The Isolation and Structure of Operator
After the isolation of lac repressor and the demonstration that it bound to DNA, interest turned to the structure of operator. The first questions concerned its size and sequence. Answering such questions is now straightforward with the application of genetic engineering techniques. The questions about the lac operator, however, came to the fore before the era of genetic engineering. Because ingenious techniques were developed and the work directly led to the development of many of the genetic engineering techniques now used, we will review the techniques, now outdated, used to isolate and sequence the lac operator.
Before developing their chemical sequencing method, Gilbert and Maxam sequenced the operator, primarily by direct DNA sequencing methods, whereas somewhat later Reznikoff, Barnes, Abelson, and co-workers sequenced the entire lac regulatory region by purifying and
Figure 11.9 The DNA sequence of thelacregulatory region and the bindingsites of the proteins that bind there.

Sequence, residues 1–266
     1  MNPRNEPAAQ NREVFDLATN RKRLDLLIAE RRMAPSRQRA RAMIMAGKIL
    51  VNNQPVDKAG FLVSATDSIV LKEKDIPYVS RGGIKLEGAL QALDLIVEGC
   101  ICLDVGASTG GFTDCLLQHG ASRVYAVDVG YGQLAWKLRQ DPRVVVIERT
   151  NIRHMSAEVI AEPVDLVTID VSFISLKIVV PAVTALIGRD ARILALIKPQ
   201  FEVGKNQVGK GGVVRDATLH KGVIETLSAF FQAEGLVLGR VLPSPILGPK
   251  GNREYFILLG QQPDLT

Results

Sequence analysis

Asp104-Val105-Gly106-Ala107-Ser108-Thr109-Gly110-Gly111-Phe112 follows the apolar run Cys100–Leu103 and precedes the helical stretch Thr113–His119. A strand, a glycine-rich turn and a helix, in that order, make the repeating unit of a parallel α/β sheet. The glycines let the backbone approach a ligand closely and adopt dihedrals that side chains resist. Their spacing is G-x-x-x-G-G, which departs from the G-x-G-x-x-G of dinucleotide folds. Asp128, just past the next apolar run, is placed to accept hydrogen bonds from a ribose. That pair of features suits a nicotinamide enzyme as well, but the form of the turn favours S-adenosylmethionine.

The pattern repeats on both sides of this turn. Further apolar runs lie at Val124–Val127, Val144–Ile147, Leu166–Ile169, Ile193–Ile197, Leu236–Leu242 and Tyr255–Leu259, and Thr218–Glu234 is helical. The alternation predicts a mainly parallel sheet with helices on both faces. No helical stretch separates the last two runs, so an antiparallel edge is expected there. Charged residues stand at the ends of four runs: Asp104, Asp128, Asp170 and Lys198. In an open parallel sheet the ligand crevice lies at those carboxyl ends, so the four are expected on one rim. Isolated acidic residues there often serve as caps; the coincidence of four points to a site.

sequencing RNA copies of it (Fig. 11.9). Gilbert’s method required isolation of pure operator itself. DNA was isolated from phage carrying the lac genes. This DNA was sonicated to fragments about 1,000 base pairs long, repressor was added, and the mixture was passed through a cellulose nitrate filter. The DNA fragments containing operator were bound by repressor and held on the filter whereas the rest passed through. Then the operator-containing fragments were specifically re-leased by adding IPTG to the rinse buffer. Finally, repressor was again bound to these fragments, and the portions of the fragments not pro-tected by repressor were digested by DNAse. The operator was found to be about 20 base pairs long, and it had been purified 2000-fold from the phage or 20,000-fold from the E. coli DNA!
The lac operator possesses a symmetrical sequence. This suggested that two of the repressor subunits symmetrically made contact with it (Fig. 11.10). To probe the structure of lac-operator-repressor complexes, Gilbert and Maxam turned to DNA protection studies. They bound repressor to operator and investigated the reaction of dimethylsulfate
Figure 11.10 The symmetry inlacoperator and how a protein consisting oftwo identical subunits could bind to it.
with bases of the operator in the complex. Indeed, a symmetrical protection pattern was obtained, but, more important, they noticed that the method could easily and rapidly be adapted to yield the actual sequence of a DNA fragment. From this beginning they developed the chemical method for sequencing DNA.
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